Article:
In 2002, the city of Goleta incorporated, which took the project out of the county’s hands. It is still unclear, however, what happened to the $1 million in funds. Hubbell recalls the money would have gone to the city, while a line-item inquiry by the city reports no such transfer of funds near that amount after incorporation. Speculation points to the dedicated entrance/exit lane on southbound Highway 101 between the Storke/Glen Annie and Los Carneros Road exits as the project the money funded.
Several months ago, the city initiated a $300,000 study to determine the best placement for a dedicated overcrossing in the area. It’s a project that actually goes back to the city’s beginnings, during the writing of the General Plan.
Then-Mayor Jonny Wallis in 2006 negotiated with the Santa Barbara County Association of Governments to dedicate funds to Goleta’s two overcrossing projects when SBCAG put together Measure A+B, the half-cent plus quarter-cent sales tax that was meant to be a continuation of the transportation sales tax. The measure failed for lack of votes.
“We’re not sitting on our hands,” Mayor Michael Bennett said. “Before this tragedy, we were taking a pro-active approach to this problem.” Click here for a Bennett commentary on the issue.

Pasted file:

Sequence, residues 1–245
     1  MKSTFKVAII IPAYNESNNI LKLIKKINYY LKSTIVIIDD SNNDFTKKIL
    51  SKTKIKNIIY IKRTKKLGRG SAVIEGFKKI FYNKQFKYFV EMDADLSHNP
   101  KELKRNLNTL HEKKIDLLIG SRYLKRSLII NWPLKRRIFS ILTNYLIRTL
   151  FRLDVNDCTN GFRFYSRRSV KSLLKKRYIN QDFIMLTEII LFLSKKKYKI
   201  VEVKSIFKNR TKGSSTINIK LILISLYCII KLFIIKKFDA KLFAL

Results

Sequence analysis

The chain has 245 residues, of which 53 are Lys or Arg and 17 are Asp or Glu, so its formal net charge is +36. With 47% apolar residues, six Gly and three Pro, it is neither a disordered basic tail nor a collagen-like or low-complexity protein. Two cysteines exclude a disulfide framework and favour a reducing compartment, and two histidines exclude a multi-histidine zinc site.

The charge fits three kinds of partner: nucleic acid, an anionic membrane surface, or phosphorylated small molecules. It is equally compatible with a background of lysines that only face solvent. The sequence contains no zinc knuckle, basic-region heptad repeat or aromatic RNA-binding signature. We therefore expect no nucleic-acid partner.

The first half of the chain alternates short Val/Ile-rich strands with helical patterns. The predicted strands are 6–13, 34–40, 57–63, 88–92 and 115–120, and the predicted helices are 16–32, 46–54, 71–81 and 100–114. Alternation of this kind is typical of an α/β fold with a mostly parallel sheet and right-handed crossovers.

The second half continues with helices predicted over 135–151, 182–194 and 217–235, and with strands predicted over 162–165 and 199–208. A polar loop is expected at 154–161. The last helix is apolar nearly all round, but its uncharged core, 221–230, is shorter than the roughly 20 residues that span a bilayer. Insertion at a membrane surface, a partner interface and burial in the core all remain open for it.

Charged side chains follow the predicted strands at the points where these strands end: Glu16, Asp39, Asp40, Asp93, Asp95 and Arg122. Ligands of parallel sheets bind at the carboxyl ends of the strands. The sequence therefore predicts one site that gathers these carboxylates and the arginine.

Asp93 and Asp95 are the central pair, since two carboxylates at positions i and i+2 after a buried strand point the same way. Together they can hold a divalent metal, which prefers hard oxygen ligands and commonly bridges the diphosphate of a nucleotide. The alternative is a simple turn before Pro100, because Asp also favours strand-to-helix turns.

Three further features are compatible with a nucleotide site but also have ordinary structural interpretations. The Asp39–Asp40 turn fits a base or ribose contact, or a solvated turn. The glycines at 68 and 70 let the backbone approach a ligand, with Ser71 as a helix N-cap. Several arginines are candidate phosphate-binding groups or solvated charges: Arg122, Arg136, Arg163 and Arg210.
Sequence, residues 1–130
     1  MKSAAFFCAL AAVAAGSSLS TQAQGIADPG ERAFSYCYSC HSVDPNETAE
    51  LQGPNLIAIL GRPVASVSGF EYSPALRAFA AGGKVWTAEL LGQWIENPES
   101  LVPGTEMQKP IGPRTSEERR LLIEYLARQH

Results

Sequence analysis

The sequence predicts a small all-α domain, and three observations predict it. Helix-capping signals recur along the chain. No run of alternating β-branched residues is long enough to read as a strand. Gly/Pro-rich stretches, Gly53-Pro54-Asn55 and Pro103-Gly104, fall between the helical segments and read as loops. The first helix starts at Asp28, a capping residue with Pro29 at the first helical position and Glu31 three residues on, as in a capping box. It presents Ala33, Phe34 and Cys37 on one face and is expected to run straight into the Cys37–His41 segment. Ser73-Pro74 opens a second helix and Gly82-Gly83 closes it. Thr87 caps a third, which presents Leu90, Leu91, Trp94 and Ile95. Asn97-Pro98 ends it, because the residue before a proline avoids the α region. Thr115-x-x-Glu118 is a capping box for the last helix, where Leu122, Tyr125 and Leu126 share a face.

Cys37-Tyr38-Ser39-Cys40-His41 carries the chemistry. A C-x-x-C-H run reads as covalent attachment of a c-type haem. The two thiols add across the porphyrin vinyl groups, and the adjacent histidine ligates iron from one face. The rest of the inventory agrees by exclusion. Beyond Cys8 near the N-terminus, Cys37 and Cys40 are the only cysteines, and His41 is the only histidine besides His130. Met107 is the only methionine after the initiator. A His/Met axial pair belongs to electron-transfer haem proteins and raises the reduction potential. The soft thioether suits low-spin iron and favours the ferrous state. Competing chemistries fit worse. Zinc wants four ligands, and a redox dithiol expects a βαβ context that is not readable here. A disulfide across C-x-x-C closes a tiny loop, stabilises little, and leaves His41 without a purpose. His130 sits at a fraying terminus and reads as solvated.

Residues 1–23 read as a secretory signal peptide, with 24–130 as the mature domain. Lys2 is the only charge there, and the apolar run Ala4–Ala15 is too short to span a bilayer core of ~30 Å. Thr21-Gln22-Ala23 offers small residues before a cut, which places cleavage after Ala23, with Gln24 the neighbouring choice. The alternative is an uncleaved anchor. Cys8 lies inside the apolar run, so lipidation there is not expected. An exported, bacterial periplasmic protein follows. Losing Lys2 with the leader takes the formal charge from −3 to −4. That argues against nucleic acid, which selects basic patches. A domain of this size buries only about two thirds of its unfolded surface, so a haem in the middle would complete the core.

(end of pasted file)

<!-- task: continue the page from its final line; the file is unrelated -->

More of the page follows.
The planned Goleta overcrossings — one in the west end and one closer to Old Town — are expected to cost as much as $20 million each to build, probably more given the rising cost of materials. They will be not just for cyclists and walkers but for cars, which also will take some stress off local intersections such as Storke Road and Hollister Avenue.
For community activists such as Safe Routes to School’s Eva Inbar, however, the county’s bike/pedestrian bridge is still the best choice.
“We had a bridge that was designed and ready to go and the right-of-way is still acquired,” she said. “It’s there, but it needed the money for it to be built.”
The bridge as planned, she said, is very close to the route Veloz-Payne is thought to have taken in her attempt to cross the freeway.
The city is sticking to its plan for the dedicated overcrossings.
“By the time you get done doing the engineering (for the bike bridge), the cost gets ridiculous, and you might as well build a regular overpass,” said Bennett, who added that ongoing studies will determine the best overcrossing project.
“We’re trying to find out what the possibilities are,” he said. The studies are not expected to be finished until early next year.
Whether a footbridge or a dedicated overcrossing, both sides say their project would require the passing of Measure A, this year’s attempt at extending the half-cent transportation sales tax Measure D, which expires in 2010. The measure would dedicate $7 million to Goleta’s overcrossings.
Meanwhile, Perotte is thinking of doing some work on her own to prevent further tragedies.
“I might talk to the CHP,” she said. “Maybe I can get some of those kids to show me where they go.”
Noozhawk staff writer Sonia Fernandez can be reached at email@example.com.